Young Artists 2022 Art

Anna Weyant Learns to Kill Her Darlings

Anna Weyant’s studio does not afford the figurative painter much distance from the task at hand. Her desk, the paints, the kitchen, the library, and even the door are all one well-calculated pivot away in what constitutes a living room on New York’s Upper West Side. If something goes wrong in one of her larger-than-life compositions, she’s nose-to-nose with it. She’s up to her eyeballs. In this unflinching proximity, Weyant taught herself to kill her darlings. And how do you make critical cuts to work so close it feels like a limb? Sometimes you need scissors.

On a fall visit, the 27-year-old is tucked in with Sprout, her dog, duking it out with her largest canvases to date for her hotly anticipated Gagosian debut in November. The New York gallery, whose volumes have historically dwarfed the ego of any artist self-inflated enough to try to fill them, earns the distinction of being a monster worthy of Weyant’s morbid curiosity.

“I get a rush from exhibiting,” Weyant says. “My desire to do it outweighs my desire to cancel and move to Utah.” This paradox is at the center of her practice: Weyant actively grapples with her shyness and simultaneous desire to be seen in her paintings, which usually feature young white women often caught mid-compromise undermined by sexiness and camp’s double-edge. The violence arrives implied and soft; it is a very particular strain—the kind tied to the legends of visible women like Marilyn Monroe and Billie Holiday, whose historians seem more obsessed with how they suffered than with their beauty or talent. Weyant’s subjects aren’t necessarily celebrities, just young women she knows well enough to ask for the more provocative poses she needs from sitters. Performed in the privacy of her studio, Weyant’s process is not about traumatizing and subjugating, but rather is an exploratory game of pretend that allows the artist and her intimate to try on, without threat, the same bitter plot lines some people fantasize punishing young women with.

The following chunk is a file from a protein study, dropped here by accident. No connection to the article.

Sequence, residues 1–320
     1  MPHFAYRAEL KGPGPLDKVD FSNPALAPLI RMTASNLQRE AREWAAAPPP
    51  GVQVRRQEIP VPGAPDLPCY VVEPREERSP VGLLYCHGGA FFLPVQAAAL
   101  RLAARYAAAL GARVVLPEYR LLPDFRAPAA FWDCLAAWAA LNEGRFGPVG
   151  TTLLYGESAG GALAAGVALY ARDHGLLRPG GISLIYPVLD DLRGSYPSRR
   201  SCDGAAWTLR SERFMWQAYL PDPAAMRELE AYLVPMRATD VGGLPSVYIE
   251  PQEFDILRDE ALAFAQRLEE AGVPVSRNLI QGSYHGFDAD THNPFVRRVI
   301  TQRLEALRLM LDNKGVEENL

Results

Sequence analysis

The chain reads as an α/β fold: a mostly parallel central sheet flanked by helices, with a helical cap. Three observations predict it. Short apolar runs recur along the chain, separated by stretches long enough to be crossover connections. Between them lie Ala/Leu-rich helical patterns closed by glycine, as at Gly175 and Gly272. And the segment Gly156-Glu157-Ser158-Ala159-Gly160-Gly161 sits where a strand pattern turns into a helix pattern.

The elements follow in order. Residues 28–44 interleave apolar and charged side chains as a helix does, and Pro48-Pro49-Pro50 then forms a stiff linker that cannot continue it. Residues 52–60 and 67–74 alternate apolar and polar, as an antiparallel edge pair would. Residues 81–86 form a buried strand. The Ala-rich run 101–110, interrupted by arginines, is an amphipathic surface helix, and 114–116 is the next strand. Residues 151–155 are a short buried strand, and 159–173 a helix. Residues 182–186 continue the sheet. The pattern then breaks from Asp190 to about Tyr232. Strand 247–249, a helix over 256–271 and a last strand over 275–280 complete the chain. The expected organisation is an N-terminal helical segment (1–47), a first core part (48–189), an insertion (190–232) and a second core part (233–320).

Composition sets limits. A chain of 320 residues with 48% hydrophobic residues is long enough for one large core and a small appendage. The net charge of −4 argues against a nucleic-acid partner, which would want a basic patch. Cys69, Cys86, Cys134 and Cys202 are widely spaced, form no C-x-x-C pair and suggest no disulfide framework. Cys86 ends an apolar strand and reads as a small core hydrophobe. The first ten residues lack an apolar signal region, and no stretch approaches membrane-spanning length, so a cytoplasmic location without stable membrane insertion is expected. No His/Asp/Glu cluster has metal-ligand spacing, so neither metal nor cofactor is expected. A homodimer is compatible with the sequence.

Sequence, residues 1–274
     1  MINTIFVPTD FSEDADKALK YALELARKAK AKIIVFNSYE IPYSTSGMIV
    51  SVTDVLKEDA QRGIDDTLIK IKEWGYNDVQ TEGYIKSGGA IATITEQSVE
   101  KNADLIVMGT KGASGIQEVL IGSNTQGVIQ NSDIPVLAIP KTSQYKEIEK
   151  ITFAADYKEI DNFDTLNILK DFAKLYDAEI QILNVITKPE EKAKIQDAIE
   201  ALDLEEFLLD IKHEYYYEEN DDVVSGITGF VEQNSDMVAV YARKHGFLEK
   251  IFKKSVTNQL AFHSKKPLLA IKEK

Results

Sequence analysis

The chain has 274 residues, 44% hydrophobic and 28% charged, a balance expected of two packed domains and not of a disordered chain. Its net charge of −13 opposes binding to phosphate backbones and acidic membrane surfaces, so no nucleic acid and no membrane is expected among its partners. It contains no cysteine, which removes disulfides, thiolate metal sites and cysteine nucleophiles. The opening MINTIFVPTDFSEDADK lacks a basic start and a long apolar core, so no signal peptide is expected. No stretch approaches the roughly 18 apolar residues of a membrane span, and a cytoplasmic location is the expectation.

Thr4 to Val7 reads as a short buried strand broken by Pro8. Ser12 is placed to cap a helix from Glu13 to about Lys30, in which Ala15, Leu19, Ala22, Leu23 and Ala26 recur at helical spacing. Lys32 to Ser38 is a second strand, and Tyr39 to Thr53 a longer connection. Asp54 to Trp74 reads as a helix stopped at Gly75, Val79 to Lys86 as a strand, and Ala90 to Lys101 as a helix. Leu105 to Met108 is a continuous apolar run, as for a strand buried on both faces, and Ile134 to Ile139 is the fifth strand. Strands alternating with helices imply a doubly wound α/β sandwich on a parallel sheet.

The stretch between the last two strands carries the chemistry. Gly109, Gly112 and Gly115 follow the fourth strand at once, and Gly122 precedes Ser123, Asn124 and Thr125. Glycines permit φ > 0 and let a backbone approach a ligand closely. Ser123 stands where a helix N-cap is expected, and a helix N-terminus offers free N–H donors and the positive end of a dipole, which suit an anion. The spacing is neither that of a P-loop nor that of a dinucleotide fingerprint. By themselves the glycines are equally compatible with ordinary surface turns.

The finished pictures strum art-historical notes—like Balthus’s brooding erotica, Domenico Gnoli’s fiber fetish, John Currin’s lips, Lisa Yuskavage’s flowers. Weyant’s lonely girls wear the defeated postures of the martyrs who’ve come before them, but there’s more agency and humor lurking underneath. The exhibition’s title, “Baby, It Ain’t Over Till It’s Over," furthers the allusion. “This one feels really personal for a million different reasons,” Weyant says, pausing for a moment to consider. “I guess I just liked the idea of having these girls take up so much space.”